More to the point, you know what else doesn’t stick? The microaggressions that these people, whose lives have been derailed, have been accused of.
Let me preface this by saying that I am not a fan of the comedy or political views of Roseanne Barr but when she tweeted a racist comment about Valerie Jarrett, did the pain of that microaggression stick for very long? I am aware that Roseanne Barr is a rich person and won’t incur much of a loss but if “the pain won’t stick”, the loss of a job and your flagship creative property is a lot more of a permanent scar.
Lest you think this only happens at the top levels, a small number of high school students of color at my local high school went after a chemistry teacher’s head when he posted an insensitive test question about George Floyd. The teacher apologized for making a pun in a chemistry test and changed the question, but student Sofia Miller persisted in e-mailing administrators and carrying out a campaign until his career has been destroyed (resigning after becoming a national news punchline does not seem recoverable):
“The girls’ classmates — many of them White boys, they said — are arguing that the Floyd pun was not offensive, that Sofia Miller and Riana Aquino-Richards are being dramatic and that the teacher’s suspension is an overreaction. Some have started a social media campaign urging Arlington residents to band together and save the teacher’s job.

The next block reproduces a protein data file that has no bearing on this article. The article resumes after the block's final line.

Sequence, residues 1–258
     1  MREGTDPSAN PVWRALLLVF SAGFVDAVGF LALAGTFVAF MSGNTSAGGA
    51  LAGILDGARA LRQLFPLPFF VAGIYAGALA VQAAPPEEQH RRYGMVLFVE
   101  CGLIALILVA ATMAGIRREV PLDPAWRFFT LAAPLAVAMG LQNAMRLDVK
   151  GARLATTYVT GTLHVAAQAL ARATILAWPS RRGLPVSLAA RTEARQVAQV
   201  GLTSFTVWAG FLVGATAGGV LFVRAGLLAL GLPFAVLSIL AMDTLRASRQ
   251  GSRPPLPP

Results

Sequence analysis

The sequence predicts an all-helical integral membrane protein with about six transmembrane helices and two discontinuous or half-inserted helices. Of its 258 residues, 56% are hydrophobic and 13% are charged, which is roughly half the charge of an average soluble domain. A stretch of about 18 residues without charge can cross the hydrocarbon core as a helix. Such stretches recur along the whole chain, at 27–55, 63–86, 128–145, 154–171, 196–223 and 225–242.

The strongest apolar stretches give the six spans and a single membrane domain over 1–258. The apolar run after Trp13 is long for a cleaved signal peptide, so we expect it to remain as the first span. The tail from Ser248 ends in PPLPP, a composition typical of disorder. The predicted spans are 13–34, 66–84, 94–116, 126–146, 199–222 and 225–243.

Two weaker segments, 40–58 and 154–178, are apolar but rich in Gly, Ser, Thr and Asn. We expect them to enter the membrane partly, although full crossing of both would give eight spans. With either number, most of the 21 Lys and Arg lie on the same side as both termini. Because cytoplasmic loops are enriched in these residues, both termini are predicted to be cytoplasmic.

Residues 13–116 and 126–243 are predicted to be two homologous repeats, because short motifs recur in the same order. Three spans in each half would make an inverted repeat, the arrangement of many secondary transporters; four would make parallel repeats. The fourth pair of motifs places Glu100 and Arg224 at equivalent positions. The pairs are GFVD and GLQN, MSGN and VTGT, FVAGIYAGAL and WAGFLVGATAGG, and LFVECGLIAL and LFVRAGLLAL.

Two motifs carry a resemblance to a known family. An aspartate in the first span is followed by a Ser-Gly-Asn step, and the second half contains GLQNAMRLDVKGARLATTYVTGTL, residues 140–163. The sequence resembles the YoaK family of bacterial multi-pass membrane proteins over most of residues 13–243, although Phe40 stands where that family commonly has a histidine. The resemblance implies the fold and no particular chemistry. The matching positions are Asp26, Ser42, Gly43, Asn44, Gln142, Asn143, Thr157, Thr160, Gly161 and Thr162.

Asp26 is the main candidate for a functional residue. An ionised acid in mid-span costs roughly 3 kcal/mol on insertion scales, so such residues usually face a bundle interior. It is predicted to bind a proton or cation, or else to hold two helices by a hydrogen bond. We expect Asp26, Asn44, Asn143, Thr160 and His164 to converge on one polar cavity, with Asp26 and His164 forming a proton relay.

Riana said she is ignoring the White boys’ posts. She would rather focus on the sixth- and seventh-grade Black girls who, after news of the Floyd pun broke, posted on social media detailing how upset they felt.
‘I want to fix this so the middle-schoolers who are more diverse who are coming up don’t have to experience this in chemistry class,” she said. “Nobody should have to worry about racist attacks at school.’”
So by the estimation of these two students, attempting to destroy the career of everyone who does something insensitive is worth the cost of any possible contamination of the pristine environment of HB.
And let’s be clear: Ignoring the “white boys posts” (a generalization at that) means ignoring the fate of a career. Again, if anyone is suggesting that a career loss doesn’t stick, then let me humbly point out that neither does the discomfort of having to face a microaggression at school. And keep in mind, there’s no evidence these students pointed out of a continuous or deliberate racist barrage they have faced as students outside of this incident. I personally know faculty at H.B. Woodlawn and I have had experience with the student body from both my days as an APS student and seeing younger relatives go through the system.
You know what a more sophisticated and better way to handle conflict is? Being aware of teachable moments. I’m reminded of when actor Viggo Mortensen used the N-word during a Q & A for the film “Green Book” (something that has gone from impolite and wrong to worthy of career ruin) and Mahershala Ali chose to forgive him because it created a teachable moment.
Building a better society involves being kinder to all parties involved. It doesn’t only go one way